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Traveling the Journey at End of Life on Her Terms – Maggie's Story

"I've seen what happens, and I didn't want it," said Margaret (Maggie) Spencer, 86-year old former gerontologist and founder of the Bureau of Aging in Luzerne and Wyoming Counties of Pennsylvania.

Maggie was stretched out comfortably in a soft chaise lounge, prayer shawl draped on the back, in a bright and sunny corner her only daughter, Kelly, and beloved son-in-law, Patrick (Paddy) prepared for her in their home when Maggie decided it was time to choose hospice care.

On homecare for only a few days, Maggie shared the recent incident that precipitated her decision.

"I was living alone in my Dallas home of 22 years," Maggie explained, "when I got up from my chair one evening to go over to the couch. Between the chair and the couch, I fell. I was able to reach the phone and tried to call my grandson, Jonathan, but I couldn't reach him. I did not want to call 911, because I knew what they would do - they would send an ambulance to take me to the hospital, and then the hospital would send me to a facility. I said no way – I am going to wait until I can reach Jonathan or Kelly."

And wait she did. Maggie lay on the floor all night. In the morning, she was able to reach her family. She told them what happened and what she wanted. What she wanted was NOT to go to the hospital or another facility. She simply wanted to be comfortable and live out the rest of her life the way she wanted to.

Maggie spent most of her life lobbying to secure benefits for seniors. As a young college graduate, Maggie started her career as a caseworker for the Department of Public Affairs. Jobs were not easy to come by, even for the privileged like Maggie, whose father was Secretary of the House of Representatives. She worked mainly on welfare cases, which ignited her passion for serving the poor and under-served. She saw so many older people with needs. Most were coal miner's widows and wives who had nothing, and there were no services for them.

For the next several decades, Maggie set out to change that. Under a state demonstration project, Maggie founded her first of 50 senior citizen centers in an old shoe store. In addition to the Bureau of Aging, Maggie also founded a local Meals on Wheels and Foster Grandparent program. After a major flood in her hometown, Maggie helped relocate over 6,000 people that lost their homes.

Sipping a scotch and water and munching on cheddar cheese goldfish before turning in for the evening, Maggie shared that she is thankful that people have it better now than they would have because of the things she did. Not a bad legacy indeed.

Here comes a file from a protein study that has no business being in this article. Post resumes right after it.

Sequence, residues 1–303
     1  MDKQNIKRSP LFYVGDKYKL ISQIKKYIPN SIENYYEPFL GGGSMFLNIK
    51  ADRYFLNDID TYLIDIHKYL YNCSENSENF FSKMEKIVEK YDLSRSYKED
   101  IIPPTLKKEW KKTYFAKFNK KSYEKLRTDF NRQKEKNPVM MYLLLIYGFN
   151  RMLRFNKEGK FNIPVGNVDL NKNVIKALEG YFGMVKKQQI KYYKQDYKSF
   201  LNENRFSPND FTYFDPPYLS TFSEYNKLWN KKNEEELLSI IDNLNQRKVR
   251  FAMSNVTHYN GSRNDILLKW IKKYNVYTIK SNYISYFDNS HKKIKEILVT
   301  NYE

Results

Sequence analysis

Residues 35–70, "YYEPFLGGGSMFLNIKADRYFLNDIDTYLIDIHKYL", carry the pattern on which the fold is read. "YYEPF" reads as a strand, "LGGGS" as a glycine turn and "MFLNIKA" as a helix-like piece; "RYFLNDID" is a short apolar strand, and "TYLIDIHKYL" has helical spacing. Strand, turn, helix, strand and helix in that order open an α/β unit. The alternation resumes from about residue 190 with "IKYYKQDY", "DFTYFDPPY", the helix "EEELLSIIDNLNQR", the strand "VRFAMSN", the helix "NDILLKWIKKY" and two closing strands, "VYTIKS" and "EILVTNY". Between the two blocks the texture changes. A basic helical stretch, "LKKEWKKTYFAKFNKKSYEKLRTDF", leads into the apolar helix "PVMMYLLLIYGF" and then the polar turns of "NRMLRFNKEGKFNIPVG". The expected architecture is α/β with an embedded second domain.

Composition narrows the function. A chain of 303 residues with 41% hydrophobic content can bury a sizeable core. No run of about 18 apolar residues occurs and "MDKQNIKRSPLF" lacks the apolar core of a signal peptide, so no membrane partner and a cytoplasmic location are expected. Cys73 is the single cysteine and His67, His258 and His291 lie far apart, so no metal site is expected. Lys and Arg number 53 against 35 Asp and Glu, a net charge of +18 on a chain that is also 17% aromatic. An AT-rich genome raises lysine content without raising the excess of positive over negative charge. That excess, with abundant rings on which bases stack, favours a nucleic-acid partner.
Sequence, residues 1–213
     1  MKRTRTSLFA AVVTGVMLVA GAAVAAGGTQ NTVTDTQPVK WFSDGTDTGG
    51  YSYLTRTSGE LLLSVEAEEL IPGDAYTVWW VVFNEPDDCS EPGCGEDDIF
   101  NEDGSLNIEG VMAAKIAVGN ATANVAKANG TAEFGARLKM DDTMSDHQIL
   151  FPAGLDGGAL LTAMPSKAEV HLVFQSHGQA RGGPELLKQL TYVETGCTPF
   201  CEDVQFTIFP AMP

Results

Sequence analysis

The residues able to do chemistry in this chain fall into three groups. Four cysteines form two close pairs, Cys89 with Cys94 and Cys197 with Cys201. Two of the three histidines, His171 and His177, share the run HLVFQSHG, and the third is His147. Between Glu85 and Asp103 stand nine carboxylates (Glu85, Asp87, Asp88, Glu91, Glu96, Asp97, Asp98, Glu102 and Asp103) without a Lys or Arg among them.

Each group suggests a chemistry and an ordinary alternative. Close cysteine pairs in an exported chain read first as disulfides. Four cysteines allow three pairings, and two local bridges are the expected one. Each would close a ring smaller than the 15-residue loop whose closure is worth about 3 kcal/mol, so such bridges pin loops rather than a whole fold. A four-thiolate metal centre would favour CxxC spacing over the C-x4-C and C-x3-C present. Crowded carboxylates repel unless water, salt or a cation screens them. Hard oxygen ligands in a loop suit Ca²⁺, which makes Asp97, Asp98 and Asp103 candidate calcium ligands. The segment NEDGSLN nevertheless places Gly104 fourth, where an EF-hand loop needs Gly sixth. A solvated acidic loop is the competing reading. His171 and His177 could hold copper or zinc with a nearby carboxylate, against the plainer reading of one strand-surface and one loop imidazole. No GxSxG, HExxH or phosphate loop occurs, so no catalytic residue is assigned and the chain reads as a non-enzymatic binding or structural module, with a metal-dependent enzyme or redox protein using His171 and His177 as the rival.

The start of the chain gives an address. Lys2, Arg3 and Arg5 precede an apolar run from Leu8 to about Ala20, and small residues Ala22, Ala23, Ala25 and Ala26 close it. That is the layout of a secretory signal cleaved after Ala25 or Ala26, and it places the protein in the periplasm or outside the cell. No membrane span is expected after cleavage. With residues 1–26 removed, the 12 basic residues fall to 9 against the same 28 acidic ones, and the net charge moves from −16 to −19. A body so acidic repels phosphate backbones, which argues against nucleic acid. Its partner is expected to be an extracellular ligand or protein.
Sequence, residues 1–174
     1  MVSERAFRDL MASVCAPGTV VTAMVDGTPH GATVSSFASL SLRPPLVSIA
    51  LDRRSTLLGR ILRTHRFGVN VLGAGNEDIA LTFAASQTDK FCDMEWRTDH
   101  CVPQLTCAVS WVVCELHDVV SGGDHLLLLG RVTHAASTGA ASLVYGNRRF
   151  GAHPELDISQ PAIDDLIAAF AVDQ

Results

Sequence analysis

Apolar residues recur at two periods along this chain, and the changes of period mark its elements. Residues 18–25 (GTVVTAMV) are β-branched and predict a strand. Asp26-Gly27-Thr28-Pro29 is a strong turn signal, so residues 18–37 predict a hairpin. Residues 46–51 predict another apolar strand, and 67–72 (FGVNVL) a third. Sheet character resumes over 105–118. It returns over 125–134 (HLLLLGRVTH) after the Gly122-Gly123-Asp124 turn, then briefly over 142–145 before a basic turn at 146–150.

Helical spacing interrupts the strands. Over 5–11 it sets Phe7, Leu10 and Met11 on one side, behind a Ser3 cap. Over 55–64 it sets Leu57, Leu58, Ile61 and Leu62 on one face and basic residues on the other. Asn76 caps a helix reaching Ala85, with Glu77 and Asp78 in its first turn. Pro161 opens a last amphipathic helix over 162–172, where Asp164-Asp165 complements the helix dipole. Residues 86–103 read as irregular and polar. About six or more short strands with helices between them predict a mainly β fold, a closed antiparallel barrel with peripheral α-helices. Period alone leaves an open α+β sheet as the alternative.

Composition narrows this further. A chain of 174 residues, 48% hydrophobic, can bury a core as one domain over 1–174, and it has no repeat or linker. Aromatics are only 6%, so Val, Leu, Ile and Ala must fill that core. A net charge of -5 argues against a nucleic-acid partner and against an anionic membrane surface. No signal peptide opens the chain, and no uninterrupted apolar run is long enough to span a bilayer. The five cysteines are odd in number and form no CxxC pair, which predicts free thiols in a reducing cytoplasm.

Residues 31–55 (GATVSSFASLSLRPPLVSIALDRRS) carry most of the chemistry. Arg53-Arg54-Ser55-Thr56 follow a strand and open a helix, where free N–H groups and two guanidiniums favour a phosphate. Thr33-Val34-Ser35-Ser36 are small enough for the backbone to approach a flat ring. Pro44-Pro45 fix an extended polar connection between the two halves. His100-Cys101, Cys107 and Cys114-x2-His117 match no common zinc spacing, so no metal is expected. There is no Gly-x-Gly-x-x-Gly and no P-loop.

"I did the best with what I could. I was blessed that God put me in the right direction," said Maggie.

When asked what she likes best about being on hospice service, Maggie is quick to respond, "The wonderful people who come and visit me."

She smiles at her hospice nurse, Megan, who is by her side as we chat. "They are my friends. I always want them to stay longer, but I know they have others that need them too. They are so precious."

The weekend before our visit, Maggie's family hosted a "Celebration of Life" party where they shared past memories and created even more. In addition to her family, many of Maggie's new hospice family members joined the gathering too.

"I am so blessed that I can make my own decisions and don't have to go where I don't want to go. I will stay here with my daughter as long as she will have me. I have a living will. Kelly is my POA, and I am DNR," states Maggie very matter-of-factly and with great confidence and peace.

What does Kelly, who just so happens to be a Hospice Volunteer Coordinator for Celtic Healthcare have to say?

"The best thing about having Mom on the hospice program is that it is allowing me to enjoy being her daughter thanks to the wonderful care our aides give Mom."

Maggie is traveling her journey at end of life on her terms, surrounded by the things she enjoys, the people she loves, and is still deeply and significantly influencing the lives of those around her. It is a peaceful, comfortable, dignified, and joy-filled journey.

For more information on making sure your healthcare choices and decisions are known and to access resources for advanced care planning, visit www.nhdd.org. For more information on Hospice care or the Journey Program, please visit Celtic Healthcare's website at www.celtichealthcare.com.

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